On DevOps

I’ve been fortunate to work in a very dynamic environment, where I had a lot of free rein to proceed as I wanted and when I wanted to. It gave me a lot of scope to experiment with different ways of working and find a pattern or groove that fitted the way I work, and that delivered the most benefit to both the business and the team I was working with.

Luckily I also worked with some very smart people – people who were genuinely geniuses in their respective fields, although weren’t given the opportunity to bring their talents to bear on some pretty tough projects.

The pattern I fell into most was one of trust – I knew what I knew, they knew what they knew and we both knew what we didn’t know. By accident I had discovered one of the core components of DevOps, the magical unicorn movement that is sweeping through the tech industry.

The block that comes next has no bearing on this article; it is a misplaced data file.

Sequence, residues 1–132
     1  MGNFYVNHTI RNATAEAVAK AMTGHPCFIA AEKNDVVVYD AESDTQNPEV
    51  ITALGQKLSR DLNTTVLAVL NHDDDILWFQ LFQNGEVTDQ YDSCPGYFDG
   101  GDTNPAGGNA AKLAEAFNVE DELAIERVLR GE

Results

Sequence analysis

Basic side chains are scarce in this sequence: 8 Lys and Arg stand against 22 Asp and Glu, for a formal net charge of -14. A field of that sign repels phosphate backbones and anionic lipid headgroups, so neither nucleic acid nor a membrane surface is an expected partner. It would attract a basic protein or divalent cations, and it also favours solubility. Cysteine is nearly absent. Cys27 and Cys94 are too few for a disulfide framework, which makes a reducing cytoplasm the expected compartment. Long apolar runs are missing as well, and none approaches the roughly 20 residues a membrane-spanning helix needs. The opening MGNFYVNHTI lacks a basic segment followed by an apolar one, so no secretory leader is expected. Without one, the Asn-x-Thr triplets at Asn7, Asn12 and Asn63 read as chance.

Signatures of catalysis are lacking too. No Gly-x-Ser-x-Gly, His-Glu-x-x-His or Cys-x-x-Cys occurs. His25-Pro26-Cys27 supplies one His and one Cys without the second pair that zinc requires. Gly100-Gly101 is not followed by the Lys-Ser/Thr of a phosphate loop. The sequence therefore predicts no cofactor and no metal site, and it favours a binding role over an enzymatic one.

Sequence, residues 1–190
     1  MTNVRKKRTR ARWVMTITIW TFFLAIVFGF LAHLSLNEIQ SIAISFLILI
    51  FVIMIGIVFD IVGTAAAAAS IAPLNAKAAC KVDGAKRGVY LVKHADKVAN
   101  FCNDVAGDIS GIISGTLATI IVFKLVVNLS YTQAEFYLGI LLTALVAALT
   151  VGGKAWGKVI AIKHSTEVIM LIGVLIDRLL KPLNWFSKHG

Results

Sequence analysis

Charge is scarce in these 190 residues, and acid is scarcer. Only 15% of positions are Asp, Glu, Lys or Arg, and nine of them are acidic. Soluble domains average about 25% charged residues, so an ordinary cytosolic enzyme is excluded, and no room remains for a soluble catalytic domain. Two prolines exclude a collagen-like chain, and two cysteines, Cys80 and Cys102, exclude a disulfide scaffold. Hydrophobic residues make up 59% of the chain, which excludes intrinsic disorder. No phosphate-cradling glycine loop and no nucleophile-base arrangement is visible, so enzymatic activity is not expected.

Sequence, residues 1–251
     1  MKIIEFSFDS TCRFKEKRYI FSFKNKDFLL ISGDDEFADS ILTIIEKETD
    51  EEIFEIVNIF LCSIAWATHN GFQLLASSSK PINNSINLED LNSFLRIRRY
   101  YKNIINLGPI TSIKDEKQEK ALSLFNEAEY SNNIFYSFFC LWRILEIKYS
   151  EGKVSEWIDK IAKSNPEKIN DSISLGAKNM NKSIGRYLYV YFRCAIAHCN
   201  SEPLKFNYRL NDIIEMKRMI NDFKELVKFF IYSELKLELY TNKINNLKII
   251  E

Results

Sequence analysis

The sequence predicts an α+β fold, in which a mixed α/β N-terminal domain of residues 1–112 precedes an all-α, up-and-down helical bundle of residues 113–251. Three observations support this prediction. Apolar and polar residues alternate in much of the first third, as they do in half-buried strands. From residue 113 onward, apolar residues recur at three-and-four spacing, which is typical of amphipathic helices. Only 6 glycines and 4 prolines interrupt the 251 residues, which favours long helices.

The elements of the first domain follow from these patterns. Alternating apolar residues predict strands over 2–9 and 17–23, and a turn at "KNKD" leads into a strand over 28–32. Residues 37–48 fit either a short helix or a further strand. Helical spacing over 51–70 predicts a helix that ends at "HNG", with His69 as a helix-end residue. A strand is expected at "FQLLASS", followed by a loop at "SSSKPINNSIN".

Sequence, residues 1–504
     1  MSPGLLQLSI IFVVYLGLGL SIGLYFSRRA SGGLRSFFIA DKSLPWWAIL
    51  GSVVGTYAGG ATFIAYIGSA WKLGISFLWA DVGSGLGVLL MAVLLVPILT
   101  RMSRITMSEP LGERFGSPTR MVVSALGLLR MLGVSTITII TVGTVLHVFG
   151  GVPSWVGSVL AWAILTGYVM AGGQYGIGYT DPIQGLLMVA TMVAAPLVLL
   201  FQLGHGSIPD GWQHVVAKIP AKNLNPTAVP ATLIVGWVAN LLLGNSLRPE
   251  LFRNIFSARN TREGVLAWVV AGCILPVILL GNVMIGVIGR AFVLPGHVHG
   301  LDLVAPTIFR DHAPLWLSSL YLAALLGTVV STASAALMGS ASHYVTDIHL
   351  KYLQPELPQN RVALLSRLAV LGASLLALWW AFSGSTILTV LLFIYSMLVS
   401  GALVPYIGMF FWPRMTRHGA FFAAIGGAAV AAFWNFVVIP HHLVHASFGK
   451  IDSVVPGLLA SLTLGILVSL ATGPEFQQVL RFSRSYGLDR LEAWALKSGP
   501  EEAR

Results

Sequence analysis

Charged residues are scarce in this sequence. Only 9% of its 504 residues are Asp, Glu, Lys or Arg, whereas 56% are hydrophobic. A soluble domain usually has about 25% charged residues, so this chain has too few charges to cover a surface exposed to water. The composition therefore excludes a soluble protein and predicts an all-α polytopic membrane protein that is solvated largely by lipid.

It’s not hard to understand – I am a grown up, you are a grown up. You are employed to do a job, I am employed to do a job. If I ask you to do something that is within your technical area of expertise then I trust you to do that job and report back the outcome. I may query the outcome to scratch the surface, but I trust you that you will deliver the best technical solution that you are able to, within the constraints that I have specified. On the occasions where I am able to give you a chance to let yourself go, I trust that you will not behave like a child and get carried away – ultimately I have asked you to deliver something, and I expect you to deliver it.

People do their best work when they’re given some element of responsibility, both in the task that they are doing and in the ability to carry out that task. The first step towards making people responsible is to tell them either implicitly or explicitly that you trust them to do something.

The first step on any DevOps road is to to stop mistrusting the people who work with and for you. Once you can do that, then you’re ready to start.

On DevOps